Life Clinic  > Fertility treatments  > Preimplantation Genetic Diagnosis (PGD)

Preimplantation Genetic Diagnosis (PGD)

This is an advanced technique first developed in the early 1990s. It is used to detect genetic disease and chromosomal disorders in embryos created through in vitro fertilisation (IVF). Up to 60% of early miscarriages are due to chromosomal adbnormalities.

Currently there are various types of PGD available depending on the needs of each couple. PGD essentially involves the collection and genetic analysis of early-stage embryos (approximately three-days old). Healthy embryos with normal genetic and chromosomal structure are selected and transferred into the uterus for implantation. PGD does not involve manipulation of the genetic material in the embryos but rather it allows selection between them.

PGD is able to detect most known genetic mutations. It is widely used by couples who are at risk of having a child with a serious genetic disorder, including chromosomal diseases such as Down's Syndrome and other genetic disorders such as cystic fibrosis, sickle cell disease, Tay-Sachs disease, Huntington's Chorea and spinal muscular atrophy.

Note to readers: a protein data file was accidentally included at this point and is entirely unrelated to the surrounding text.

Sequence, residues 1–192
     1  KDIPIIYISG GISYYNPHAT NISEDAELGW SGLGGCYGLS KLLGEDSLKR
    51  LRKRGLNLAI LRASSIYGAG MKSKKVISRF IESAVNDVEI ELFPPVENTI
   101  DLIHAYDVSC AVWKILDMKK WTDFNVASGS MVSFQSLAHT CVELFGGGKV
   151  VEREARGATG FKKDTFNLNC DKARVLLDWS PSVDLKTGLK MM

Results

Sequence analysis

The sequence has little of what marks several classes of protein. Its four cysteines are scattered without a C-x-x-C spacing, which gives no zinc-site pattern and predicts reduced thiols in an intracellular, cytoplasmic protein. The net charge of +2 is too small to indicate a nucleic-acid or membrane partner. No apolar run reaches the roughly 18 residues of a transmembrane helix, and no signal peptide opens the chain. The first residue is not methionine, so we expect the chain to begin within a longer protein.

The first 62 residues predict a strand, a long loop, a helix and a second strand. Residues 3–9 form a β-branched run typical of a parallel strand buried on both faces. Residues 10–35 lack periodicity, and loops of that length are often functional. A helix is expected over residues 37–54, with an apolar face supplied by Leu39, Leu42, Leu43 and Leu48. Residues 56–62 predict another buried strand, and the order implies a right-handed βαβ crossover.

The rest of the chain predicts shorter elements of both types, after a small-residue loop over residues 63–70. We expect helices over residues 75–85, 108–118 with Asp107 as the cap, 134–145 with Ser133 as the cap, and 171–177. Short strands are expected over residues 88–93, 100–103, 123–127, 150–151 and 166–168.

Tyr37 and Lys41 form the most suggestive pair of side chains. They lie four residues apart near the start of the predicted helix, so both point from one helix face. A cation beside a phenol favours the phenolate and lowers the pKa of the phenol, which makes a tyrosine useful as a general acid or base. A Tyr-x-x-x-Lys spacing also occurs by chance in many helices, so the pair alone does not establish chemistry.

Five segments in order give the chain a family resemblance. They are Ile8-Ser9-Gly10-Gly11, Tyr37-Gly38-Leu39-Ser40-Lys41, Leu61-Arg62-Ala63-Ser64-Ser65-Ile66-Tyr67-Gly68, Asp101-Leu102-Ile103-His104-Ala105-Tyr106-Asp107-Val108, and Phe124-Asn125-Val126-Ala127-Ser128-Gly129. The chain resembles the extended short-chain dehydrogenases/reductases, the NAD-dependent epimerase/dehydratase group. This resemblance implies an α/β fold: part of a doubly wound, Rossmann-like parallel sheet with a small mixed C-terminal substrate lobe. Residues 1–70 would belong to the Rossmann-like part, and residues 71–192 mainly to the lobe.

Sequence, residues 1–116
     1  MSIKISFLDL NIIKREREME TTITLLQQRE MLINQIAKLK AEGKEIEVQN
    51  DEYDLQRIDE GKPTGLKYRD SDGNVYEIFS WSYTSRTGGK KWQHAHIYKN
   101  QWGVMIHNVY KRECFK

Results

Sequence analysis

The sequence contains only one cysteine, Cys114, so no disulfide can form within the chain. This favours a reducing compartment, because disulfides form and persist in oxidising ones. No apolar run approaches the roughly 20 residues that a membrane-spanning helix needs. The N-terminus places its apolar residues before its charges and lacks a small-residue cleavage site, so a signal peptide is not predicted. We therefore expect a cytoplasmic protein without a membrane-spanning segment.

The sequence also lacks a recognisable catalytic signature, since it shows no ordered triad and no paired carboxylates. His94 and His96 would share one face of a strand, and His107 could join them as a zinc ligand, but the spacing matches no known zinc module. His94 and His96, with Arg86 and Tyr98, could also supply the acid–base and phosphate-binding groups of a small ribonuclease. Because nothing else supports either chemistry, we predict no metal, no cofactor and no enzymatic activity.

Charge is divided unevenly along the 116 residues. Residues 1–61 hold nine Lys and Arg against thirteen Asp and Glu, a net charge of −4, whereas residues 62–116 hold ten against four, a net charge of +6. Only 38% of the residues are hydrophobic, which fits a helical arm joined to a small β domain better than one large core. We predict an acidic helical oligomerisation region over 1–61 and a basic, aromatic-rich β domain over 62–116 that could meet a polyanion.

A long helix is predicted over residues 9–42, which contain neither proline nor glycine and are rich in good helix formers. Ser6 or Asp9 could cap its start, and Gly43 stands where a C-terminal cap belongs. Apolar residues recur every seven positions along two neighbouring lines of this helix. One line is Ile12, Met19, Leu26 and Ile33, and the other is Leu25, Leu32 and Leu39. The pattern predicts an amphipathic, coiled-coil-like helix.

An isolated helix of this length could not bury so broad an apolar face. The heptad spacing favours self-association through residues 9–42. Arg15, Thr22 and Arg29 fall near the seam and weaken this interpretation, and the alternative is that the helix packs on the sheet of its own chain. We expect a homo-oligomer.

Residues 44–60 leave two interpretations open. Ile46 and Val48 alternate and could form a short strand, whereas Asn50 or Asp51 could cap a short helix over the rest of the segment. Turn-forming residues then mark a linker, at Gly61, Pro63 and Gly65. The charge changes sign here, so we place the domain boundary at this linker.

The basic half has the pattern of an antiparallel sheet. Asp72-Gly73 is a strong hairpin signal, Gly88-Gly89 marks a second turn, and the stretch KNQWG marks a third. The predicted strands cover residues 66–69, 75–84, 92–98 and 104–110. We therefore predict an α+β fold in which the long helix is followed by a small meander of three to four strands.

Preimplantation Genetic Screening (PGS)

This is variant of PGD which is also provided at Life Clinic. It is used specifically to detect aneuploidy, a chromosomal disorder. Perhaps the most known form of this is Down's Syndrome where an extra chromosome is present.

Flourescent in-situ hybridisation (FISH) analysis

This is a relatively recent technology which is used in the laboratory to determine whether the correct number of certain chromosomes is present in the egg or embryo. The chromosomes most commonly associated with abnormalities during pregnancy are analysed. These are chromosomes 13, 16, 18 and 22. Flourescent signals bind to these chromosomes enabling their number to be established. FISH has a published accuracy rate of 95%. However, it is important to realise that in some cases this analysis may reveal that no normal embryos are available for transfer or that the chances of being able to store excess embryos from an egg collection may be reduced.

the risks of chromosomal disorders such as Down syndrome increase with maternal age.